Ryo Ishikawa gets another Masters invitationtext sizeJanuary 11, 2013
AUGUSTA, Ga. (AP) -- Ryo Ishikawa of Japan is headed back to the Masters with another special invitation.
Augusta National Golf Club said Friday that Ishikawa and Thaworn Wiratchant of Thailand have accepted the invitations, which are reserved for international players. It will be the fifth straight year the 21-year-old Ishikawa is playing the Masters. This is his third special exemption.
Thaworn is No. 68 in the world and won the Asian Tour money title last year. He also holds the Asian Tour record for most career victories, winning the Hero India Open last year for his 15th title.
Ishikawa dropped as low as No. 91 in the Official World Golf Ranking late last year before his game picked up. He won the Taiheiyo Masters for his 10th career title on the Japan Golf Tour, part of seven top-10 finishes in his last 10 tournaments of the year. He is No. 75 in the world.
"Through our established qualifications, and invitations to select international players not otherwise qualified, we historically bring together a collection of the world's top players, and this year is no different," Masters chairman Billy Payne said. "The Masters has long established a tradition of supporting the global game, and we were excited to extend invitations to Thaworn Wiratchant and Ryo Ishikawa, who we hope will provide added interest and enthusiasm for golf in Asia through their participation in the tournament."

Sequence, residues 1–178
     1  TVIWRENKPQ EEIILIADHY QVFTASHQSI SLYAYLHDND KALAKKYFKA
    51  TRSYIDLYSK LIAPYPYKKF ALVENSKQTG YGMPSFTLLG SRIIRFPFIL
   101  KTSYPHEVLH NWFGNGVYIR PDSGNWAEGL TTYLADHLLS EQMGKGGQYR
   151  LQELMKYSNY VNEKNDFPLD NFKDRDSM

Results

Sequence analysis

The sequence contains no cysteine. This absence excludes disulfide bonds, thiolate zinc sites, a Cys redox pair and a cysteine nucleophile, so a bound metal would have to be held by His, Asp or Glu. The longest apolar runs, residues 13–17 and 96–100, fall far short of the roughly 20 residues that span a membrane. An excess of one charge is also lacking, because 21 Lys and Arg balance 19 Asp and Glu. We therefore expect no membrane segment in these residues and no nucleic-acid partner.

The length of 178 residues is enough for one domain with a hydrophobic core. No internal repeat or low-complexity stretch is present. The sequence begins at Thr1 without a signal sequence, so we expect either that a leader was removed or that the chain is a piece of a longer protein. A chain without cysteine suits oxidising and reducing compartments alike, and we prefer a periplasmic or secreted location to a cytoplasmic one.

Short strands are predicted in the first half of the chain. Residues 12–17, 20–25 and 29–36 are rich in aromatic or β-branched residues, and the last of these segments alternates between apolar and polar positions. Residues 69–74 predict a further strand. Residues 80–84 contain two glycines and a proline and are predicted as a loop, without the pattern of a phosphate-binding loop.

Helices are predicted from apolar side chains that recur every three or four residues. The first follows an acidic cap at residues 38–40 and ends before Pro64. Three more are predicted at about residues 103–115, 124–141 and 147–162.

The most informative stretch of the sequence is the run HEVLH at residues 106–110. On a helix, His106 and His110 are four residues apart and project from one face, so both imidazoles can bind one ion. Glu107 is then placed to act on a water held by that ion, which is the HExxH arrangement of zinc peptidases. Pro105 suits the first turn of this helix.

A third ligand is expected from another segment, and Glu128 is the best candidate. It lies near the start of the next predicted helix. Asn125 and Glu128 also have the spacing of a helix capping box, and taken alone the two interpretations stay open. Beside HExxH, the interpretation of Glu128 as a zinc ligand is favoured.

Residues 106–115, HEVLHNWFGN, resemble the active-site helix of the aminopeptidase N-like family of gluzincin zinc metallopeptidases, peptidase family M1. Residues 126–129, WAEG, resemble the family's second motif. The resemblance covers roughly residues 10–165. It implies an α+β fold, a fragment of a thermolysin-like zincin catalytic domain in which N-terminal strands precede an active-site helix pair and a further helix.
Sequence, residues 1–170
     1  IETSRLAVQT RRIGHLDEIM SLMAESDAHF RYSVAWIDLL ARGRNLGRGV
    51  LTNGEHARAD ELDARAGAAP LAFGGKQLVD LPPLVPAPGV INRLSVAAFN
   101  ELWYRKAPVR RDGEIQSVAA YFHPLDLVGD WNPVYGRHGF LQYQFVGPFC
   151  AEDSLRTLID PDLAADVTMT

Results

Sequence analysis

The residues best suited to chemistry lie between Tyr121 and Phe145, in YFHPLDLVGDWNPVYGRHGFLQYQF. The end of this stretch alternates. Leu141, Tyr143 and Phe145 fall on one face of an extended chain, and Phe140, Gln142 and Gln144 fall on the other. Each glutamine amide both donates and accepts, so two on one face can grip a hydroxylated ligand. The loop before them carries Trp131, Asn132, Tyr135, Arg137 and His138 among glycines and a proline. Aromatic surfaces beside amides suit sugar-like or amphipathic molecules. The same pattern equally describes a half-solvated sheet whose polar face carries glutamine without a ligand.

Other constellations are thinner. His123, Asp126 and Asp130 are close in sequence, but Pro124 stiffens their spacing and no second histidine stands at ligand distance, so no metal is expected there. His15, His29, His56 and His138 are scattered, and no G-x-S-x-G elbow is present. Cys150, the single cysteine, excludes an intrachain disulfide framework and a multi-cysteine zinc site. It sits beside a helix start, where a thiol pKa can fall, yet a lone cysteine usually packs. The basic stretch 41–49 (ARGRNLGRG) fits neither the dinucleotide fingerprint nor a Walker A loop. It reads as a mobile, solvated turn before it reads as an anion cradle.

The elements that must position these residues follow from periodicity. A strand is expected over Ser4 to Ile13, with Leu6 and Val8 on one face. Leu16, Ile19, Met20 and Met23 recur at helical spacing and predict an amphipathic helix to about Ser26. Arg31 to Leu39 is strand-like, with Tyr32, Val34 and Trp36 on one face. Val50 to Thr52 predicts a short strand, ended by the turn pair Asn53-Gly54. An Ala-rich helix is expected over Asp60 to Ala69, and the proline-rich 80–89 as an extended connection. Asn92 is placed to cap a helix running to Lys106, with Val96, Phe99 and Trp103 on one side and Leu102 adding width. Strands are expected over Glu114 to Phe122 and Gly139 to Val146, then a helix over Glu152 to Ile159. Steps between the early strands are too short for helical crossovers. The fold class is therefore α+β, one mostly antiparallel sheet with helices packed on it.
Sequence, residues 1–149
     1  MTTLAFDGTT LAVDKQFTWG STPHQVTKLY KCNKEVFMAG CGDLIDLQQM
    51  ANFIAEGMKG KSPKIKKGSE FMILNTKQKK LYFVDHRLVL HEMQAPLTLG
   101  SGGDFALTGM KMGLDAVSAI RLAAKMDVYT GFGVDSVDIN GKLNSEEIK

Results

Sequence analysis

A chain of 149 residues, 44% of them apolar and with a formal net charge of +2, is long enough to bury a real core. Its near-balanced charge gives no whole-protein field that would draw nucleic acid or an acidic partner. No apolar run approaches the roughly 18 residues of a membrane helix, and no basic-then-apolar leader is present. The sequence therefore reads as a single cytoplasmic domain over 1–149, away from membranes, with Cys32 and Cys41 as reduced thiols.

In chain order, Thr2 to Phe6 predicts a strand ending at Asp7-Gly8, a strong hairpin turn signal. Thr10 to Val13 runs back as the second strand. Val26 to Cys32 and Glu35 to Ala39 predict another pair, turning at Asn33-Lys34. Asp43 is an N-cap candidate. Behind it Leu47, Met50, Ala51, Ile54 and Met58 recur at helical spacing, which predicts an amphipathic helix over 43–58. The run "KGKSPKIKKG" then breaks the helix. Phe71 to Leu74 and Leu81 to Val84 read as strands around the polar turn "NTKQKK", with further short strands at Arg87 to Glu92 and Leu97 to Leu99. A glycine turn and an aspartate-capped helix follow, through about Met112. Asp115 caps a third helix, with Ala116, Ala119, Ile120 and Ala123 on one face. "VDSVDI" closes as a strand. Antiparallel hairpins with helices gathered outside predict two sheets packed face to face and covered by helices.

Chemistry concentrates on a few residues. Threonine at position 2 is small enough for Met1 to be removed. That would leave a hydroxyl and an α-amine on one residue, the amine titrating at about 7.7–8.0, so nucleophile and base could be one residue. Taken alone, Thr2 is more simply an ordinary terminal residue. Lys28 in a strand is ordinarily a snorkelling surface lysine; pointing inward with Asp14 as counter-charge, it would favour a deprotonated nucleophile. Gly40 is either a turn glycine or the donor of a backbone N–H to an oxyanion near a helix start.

Ishikawa is sure to get attention because no other player has received more exemptions over the last 10 years. Ishikawa is a rock star in Japan, however, having won his first tournament as a 15-year-old amateur. But his game went into a deep slump last year, when he missed the cut in the first three majors before a tie for 59th in the PGA Championship.
Ishikawa came under more scrutiny last year when he received an invitation ahead of Ernie Els, who had fallen out of the top 50. Els went on to win the British Open for his fourth major championship.
The special exemptions, however, typically go to players who are not PGA TOUR members, and the Masters looks mainly at Asian players because of its television contracts and the rapid growth and interest in golf in the region. That's why it helped to create the Asia Pacific Amateur, with the winner getting a spot in the Masters. This year, the winner was Guan Tianlang, a 14-year-old from China, who will be the youngest player in Masters history.
PGA TOUR members have several different categories through which they can qualify, such as winning a tournament, finishing in the top 30 on the money list or reaching the final event of the FedExCup Playoffs.
This might be the last year of an exemption for Ishikawa. The Japanese star has joined the PGA TOUR for the first time.